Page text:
San Francisco – The jury found that a man had developed cancer by exposing a raid he used in his yard, in the second case to sue for the alleged damage to the popular
The six-member jury at the US District Court in San Francisco will now begin hearing evidence to weigh separately the Bayer Monsanto unit
The original verdict marks yet another failure for Bayer, which is under intense pressure after the jury in August reached a $ 289.2 million conviction in the first case against the weed killer. go to the process. This sentence ended shortly after the acquisition of Monsanto by Bayer.
Analysts and investors saw Bayer taking advantage of this second trial after US District Judge Vince Chabria agreed to divide the evidence into two phases. whether Roundup and its active ingredient, glyphosate, are carcinogenic
Bayer is facing lawsuits from around 1
Lawyers for plaintiff Edwin Hardman says he has developed non-Hodgkin's lymphoma after 26 years of regular use of Roundup to control weeds and poison oak in his rural property in northern California.
"We showed you the evidence that Monsanto refuses to analyze," Wagstaf told the jury at the closing arguments. Ms Wagstaff argues that Monsanto ignores animal studies and cellular structures that, along with human populations, prove the dangers of Roundup. "Do not overlook the data that Monsanto wants to ignore," she said.
Bayer's lawyer Brian Steflof opposes in his concluding remarks that scientific jurors are shown to be court and that the experts do not warn anyone about the alleged damage to Roundup in their working days. "They tell you that real world practice does not matter," he said about the position of the plaintiff. Bayer argues that about 800 studies and regulatory decisions around the world claim that glyphosate is safe and not carcinogenic. Bayer's CEO Werner Baumann said last month that the two-phase process would allow Bayer to place a strong emphasis on scientific data confirming product safety
In 2015, the International Agency for Research on Cancer, a branch of the World Health Organization , called glyphosate, probably carcinogenic for humans. This has begun a wave of lawsuits and regulatory scrutiny around the world.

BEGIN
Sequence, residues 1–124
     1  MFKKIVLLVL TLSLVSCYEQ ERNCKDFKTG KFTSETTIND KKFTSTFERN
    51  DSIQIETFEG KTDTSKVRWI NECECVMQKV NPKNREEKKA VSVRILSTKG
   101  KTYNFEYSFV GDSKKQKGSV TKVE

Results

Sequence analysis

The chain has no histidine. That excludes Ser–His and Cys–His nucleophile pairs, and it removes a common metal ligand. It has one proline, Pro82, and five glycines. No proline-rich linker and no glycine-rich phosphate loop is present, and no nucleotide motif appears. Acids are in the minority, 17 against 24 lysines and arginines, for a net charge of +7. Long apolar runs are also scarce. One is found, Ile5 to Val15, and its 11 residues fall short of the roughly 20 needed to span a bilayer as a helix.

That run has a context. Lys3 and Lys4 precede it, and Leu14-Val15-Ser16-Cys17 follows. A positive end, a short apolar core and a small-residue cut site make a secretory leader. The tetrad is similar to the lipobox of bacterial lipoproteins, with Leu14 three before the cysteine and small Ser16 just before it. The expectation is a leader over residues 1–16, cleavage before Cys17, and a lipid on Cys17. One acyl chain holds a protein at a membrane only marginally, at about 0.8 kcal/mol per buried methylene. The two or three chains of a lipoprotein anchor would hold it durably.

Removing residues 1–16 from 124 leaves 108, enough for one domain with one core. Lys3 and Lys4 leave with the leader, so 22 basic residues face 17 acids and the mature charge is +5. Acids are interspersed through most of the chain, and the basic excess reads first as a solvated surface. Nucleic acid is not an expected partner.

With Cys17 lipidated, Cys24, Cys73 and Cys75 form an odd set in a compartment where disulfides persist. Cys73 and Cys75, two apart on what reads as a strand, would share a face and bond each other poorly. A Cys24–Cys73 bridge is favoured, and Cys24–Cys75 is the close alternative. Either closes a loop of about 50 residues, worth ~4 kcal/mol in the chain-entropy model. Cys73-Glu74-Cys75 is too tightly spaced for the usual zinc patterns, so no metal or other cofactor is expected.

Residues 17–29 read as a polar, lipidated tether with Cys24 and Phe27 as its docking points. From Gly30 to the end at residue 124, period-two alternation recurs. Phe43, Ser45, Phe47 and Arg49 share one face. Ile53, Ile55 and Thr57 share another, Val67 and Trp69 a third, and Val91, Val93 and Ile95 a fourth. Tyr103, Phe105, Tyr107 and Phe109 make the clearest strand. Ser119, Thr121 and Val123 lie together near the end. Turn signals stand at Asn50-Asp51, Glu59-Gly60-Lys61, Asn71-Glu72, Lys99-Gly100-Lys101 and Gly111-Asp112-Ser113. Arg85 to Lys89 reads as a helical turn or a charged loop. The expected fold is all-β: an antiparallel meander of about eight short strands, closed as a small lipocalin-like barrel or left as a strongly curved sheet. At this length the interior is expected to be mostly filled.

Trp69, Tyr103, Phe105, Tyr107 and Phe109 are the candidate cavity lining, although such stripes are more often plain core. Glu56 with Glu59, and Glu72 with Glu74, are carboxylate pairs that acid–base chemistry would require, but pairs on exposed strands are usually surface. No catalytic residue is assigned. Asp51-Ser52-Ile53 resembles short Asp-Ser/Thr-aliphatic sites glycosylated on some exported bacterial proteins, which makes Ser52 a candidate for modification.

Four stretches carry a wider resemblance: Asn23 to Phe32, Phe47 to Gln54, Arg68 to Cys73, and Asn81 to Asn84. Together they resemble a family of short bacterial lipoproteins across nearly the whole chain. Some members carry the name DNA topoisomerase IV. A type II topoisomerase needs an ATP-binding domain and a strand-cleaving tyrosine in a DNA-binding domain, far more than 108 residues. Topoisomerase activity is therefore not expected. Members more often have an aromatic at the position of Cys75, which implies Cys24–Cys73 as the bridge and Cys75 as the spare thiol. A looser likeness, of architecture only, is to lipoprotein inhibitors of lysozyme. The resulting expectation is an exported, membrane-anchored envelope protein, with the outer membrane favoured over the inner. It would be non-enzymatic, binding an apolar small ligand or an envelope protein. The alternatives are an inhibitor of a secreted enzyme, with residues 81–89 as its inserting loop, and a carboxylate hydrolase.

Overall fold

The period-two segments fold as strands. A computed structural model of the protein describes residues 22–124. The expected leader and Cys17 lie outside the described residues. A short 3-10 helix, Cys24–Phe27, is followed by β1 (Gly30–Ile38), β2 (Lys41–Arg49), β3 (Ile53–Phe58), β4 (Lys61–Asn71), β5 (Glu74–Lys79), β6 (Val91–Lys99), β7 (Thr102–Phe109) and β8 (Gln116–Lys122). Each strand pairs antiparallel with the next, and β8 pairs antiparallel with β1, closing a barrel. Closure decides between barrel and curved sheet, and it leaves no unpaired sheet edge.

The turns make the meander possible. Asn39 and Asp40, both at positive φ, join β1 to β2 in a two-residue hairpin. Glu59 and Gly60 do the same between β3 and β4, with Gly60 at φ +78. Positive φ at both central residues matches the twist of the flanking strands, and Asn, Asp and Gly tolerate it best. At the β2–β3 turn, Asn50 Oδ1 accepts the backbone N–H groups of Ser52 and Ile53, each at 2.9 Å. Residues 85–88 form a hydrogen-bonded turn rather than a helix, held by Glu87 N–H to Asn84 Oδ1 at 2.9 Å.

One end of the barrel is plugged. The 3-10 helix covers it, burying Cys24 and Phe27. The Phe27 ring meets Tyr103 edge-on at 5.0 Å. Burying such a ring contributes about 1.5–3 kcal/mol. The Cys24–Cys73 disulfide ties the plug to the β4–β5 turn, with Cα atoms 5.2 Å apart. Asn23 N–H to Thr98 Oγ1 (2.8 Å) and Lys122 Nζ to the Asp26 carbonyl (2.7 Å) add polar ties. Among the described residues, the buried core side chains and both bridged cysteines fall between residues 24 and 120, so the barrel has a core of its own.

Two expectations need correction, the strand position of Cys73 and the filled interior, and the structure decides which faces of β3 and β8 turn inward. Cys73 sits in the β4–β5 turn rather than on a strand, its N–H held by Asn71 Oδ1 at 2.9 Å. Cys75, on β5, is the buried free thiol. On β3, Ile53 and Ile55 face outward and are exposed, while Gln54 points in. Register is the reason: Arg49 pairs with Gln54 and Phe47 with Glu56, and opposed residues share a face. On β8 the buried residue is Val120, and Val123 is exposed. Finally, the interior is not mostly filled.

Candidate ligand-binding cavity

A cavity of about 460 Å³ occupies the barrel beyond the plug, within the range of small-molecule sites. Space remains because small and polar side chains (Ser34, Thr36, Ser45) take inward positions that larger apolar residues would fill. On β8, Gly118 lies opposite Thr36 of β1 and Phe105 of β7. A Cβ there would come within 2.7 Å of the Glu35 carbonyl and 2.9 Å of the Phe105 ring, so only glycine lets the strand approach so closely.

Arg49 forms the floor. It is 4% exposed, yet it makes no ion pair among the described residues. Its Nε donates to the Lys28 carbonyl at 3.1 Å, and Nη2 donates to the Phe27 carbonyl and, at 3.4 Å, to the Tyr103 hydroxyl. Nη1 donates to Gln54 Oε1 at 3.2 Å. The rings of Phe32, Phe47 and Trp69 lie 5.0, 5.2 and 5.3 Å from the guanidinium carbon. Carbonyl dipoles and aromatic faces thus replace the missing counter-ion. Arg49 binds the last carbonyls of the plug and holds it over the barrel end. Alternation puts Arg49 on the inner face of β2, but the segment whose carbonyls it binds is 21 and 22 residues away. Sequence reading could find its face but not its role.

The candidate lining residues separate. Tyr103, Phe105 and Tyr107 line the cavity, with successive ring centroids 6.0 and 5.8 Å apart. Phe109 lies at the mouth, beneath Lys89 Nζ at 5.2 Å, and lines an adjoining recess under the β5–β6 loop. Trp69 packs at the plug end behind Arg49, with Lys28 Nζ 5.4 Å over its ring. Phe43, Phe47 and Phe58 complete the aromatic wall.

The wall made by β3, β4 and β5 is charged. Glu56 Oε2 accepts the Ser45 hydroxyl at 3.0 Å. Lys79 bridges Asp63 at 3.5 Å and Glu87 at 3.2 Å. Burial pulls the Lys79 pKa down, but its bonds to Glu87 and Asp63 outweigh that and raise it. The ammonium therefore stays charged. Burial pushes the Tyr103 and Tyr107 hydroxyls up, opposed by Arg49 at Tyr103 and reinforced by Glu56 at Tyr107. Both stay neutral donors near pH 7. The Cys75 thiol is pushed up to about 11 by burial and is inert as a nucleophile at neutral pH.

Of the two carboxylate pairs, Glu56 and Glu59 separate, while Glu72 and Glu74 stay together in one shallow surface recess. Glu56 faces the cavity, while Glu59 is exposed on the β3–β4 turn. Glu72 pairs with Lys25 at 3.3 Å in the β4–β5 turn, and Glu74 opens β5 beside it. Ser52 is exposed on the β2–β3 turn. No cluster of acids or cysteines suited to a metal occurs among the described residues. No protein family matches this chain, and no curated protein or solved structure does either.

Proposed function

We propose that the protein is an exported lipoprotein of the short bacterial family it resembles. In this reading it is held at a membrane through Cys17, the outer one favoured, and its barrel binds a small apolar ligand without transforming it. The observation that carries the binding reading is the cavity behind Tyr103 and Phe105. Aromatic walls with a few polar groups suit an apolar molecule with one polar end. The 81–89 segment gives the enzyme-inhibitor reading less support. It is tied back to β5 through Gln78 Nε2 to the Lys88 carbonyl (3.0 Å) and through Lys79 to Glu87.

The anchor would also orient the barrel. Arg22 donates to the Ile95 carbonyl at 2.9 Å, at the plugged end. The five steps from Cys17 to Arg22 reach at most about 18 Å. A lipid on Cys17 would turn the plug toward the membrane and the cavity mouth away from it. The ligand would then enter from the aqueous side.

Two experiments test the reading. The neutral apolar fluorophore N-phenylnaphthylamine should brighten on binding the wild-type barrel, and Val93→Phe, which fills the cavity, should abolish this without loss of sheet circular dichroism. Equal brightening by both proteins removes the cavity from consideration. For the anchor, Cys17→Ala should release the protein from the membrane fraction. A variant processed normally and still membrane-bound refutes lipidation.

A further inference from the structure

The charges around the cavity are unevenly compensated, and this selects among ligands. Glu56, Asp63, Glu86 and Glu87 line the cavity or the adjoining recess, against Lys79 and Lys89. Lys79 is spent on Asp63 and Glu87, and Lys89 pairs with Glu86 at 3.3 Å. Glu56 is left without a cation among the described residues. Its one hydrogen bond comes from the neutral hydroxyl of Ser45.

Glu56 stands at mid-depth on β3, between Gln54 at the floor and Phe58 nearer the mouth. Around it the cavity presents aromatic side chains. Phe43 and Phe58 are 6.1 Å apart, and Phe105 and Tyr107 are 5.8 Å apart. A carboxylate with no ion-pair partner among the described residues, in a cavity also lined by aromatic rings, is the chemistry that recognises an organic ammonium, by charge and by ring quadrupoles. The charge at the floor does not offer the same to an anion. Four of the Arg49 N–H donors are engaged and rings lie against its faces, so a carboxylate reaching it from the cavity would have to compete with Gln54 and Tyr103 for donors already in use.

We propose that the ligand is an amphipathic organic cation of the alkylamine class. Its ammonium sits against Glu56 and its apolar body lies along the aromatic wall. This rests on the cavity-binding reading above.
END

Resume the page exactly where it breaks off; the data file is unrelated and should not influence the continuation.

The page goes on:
Before the first trial, plaintiff Deane Johnson, a former school teacher, issued internal Monsanto emails that said they showed the company's inadequate role in studying glyphosate studies, Bayer argued that these emails were removed from Context
Johnson's lawyers claim in court that Monsanto knew that testing for glyphosate was inadequate, and that employees began writing good scientific papers and paid outside scholars to publish the articles under their names. The San Francisco State Court jury found that Monsanto knew or ought to have known about the potential risks and had not warned consumers. Bayer appealed the verdict that the judge cut to $ 78.5 million.
The lawsuit in progress in San Francisco will now go into the second phase, examining Monsanto's behavior and whether it is casual.
what evidence could enter the first phase caused court clashes, including $ 500 penalties against the plaintiff's lead attorney for what the judge calls obvious violations of his orders as to what the jury can see. Hardman's case is the first of three trials to be held at the federal court to help assess claims. Hundreds of federal cases were consolidated before Judge Chhabria
Mr. In February, Bowman warned that the legal fight against glyphosis was "just beginning." Analysts say they will have to see at least a few sentences before they can make more accurate estimates of potential Bayer's obligations. Until this happens, stocks will probably be depressed, they say. Sara Randaso at firstname.lastname@example.org and Ruth Bender at Ruth.Bender@wsj.com